Extending PowerApps with Azure Functions


Recently we’ve been building a Capex system for one of our clients which needed to replicate their existing system written in Excel. One of the key features of PowerApps is that it is designed for people to easily transition from writing their applications in standard Microsoft products such as Excel into PowerApps, so includes many of the Excel functions. Two functions the Excel version of their application were NPV() (Net Present Value) and IRR() (Internal Rate of Return).

Neither of these functions is available within PowerApps.

The formula for calculating the NPV was simple enough and could be translated into a single formula:

Unfortunately, the function IRR is much more complex than that and is used to calculate the interest rate required to get a 0 NPV value.

Thankfully, there is a Visual Basic function available to calculate the IRR, Azure Functions can implement VB functions, and PowerApps can implement Azure Functions…

The Azure Function

Creating the Custom Connector

Updating your PowerApp

The Azure Function

The first thing to implement is a new Function App to hold the calculation:

Start by creating a new Function App using the .NET Runtime Stack:

Once provisioned, create a new Function with a HTTP Trigger. For this demo, the service I’m creating is going to allow anonymous users.

The code I’m using to calculate the IRR value is below. Essentially, reference Micorosft.VisualBasic.Core, create an input and output object and the Run function:

#r "Newtonsoft.Json"
#r "Microsoft.VisualBasic.Core"

using System.Net;
using Microsoft.AspNetCore.Mvc;
using Microsoft.Extensions.Primitives;
using Newtonsoft.Json;
using Microsoft.VisualBasic;

/* Data we're accepting */
public class ValuesObject { 
    public double[] data {get;set;}

/* Our return object */
public class IRRValue {
    public double IRR {get;set;}

public static IRRValue Run(HttpRequest req, ILogger log)
    /* get the values object from query string */
    string values = req.Query["values"];

    /* if no value comes from the query string, try getting it from the request body */
        string requestBody = new StreamReader(req.Body).ReadToEndAsync().Result;
        values = requestBody;

    /* deserialize the object */
    ValuesObject data = JsonConvert.DeserializeObject<ValuesObject>(values);

    double[] myData = data.data;

    try {
        /* execute the IRR function */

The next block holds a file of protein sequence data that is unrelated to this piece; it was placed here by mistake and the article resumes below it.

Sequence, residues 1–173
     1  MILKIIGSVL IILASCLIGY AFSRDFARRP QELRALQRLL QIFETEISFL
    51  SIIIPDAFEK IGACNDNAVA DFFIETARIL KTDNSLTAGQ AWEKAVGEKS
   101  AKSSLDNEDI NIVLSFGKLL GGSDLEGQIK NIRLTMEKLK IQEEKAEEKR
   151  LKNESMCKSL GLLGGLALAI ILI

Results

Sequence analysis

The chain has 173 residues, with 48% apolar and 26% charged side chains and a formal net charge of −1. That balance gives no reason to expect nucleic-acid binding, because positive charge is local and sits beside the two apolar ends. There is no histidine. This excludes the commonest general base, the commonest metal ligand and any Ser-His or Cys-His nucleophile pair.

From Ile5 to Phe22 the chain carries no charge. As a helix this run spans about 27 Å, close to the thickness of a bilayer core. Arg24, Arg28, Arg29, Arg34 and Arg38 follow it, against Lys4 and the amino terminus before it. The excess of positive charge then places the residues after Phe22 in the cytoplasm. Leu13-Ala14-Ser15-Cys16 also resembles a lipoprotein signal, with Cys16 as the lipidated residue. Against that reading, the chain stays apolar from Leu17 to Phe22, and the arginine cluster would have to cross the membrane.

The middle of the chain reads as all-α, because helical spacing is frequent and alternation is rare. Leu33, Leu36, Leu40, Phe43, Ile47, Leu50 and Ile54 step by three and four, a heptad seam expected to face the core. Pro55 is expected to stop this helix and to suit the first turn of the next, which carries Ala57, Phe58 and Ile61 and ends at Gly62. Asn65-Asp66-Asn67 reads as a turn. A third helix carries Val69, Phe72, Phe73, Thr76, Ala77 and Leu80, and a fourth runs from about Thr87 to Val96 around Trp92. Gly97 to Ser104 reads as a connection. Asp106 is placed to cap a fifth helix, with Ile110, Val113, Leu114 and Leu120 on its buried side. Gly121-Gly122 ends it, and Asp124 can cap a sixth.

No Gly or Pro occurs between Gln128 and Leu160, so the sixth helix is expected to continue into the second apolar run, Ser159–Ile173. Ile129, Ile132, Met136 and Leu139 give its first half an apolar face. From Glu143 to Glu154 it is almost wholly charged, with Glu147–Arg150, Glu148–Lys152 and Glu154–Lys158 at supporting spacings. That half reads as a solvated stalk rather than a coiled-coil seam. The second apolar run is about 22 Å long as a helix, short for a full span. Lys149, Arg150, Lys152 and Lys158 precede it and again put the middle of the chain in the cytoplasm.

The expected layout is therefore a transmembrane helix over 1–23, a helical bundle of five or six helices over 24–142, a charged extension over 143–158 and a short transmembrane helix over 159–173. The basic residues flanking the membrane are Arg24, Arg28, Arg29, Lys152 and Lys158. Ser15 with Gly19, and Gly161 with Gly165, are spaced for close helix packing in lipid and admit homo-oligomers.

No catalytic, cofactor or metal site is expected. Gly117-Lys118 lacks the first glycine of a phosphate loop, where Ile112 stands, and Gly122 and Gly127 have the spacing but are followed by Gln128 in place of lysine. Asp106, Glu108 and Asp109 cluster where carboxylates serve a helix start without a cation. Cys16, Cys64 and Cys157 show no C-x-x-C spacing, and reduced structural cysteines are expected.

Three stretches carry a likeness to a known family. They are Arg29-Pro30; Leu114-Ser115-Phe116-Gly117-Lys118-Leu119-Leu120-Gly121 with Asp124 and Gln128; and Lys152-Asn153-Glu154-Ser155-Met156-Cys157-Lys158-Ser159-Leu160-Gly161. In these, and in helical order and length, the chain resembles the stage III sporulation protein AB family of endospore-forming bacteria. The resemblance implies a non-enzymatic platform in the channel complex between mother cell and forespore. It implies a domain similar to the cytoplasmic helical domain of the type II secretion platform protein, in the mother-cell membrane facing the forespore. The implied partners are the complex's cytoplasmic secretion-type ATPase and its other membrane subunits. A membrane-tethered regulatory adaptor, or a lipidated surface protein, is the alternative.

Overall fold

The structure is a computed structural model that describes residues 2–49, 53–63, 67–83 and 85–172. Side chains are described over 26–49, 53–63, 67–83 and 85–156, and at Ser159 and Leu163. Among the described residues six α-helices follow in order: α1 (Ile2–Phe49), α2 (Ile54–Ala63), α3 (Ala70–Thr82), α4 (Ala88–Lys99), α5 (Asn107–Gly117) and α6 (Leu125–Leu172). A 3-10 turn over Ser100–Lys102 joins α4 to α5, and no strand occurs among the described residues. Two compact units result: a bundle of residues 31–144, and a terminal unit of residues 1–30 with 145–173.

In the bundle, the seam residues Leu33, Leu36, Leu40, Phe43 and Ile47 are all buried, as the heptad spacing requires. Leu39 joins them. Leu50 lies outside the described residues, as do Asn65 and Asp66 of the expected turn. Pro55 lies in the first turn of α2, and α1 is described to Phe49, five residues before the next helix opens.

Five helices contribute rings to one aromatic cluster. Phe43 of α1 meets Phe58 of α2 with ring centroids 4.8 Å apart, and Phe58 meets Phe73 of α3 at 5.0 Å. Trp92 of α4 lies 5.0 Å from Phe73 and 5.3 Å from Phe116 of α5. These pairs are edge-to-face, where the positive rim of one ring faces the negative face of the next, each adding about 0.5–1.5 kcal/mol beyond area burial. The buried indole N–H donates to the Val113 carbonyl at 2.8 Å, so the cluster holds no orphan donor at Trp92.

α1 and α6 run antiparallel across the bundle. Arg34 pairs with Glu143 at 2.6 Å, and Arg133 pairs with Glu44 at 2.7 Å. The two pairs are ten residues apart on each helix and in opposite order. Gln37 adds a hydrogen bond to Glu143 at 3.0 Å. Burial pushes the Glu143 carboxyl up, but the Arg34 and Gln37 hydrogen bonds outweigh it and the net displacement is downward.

double tmpIrr = Microsoft.VisualBasic.Financial.IRR(ref myData);
        log.LogInformation("IRR: " + tmpIrr);

        return new IRRValue { IRR = tmpIrr };
    } catch {
        /* if it fails, just return 0 */
        return new IRRValue { IRR = 0 };

Once you’ve implemented your code, save it and use the Test/Run feature to check that the code works.

Creating the custom connector

The process for creating a custom connector to link with the Azure Function is relatively simple once you know the process.

Within your PowerApps environment, expand Data and select Custom Connectors from the navigation.

Provide the connector with a name (I used “Finance”)

Gathering the information for your connector:

Retrieve the Azure Function’s URL from Azure from the function’s overview page using the “Get Function Url” button

The host is the hostname from the url: amt-irr-calculator.azurewebsites.net

The base url is the rest of the url: /api/IRR/

Click next and as previously stated, I’m using no authentication:

Click next and complete the definition of the connector.

Create a new action:

For simplicity, I set the summary and operation Id to “IRR”

Then, import the request from a sample:

The sample I imported into the form was the same details I used to test the function in Azure:

Finally, add a default response

The data imported was copied directly from the Azure Function test result:

Once the action has been completed with the above information, use the “Create Connector” button to create it and close to go back to the custom connectors screen.

From here, use the + to create a new instance of the connector so it can be tested.

Once created, head back to the custom connectors screen and edit the connector again, skipping to page 4 to test.

Switch the toggle over to “Raw Body” and paste in your testing data:

Testing the operation should result in: 

Finally, head to the connectors screen and use the share function to share it with whoever’s going to be using your PowerApp:

Updating your PowerApp

To use the function within your PowerApp, you’ll have to create a new connection to the connector:

For this example, I’m creating a new collection with my financial information on screen visible:

On my screen, I’ve added a data table to display my values, a button to trigger the function and a label to display the output:

The button’s on select function updates a context variable with the response from the IRR function:

Finally, the label’s text function is set to the output IRR value:

Clicking the button executes the function and updates the label’s text value:

Just before clicking the button yourself, open the code view of your Azure Function and stop and start the logging at the bottom. Then, when you click the button, you should see the event be triggered: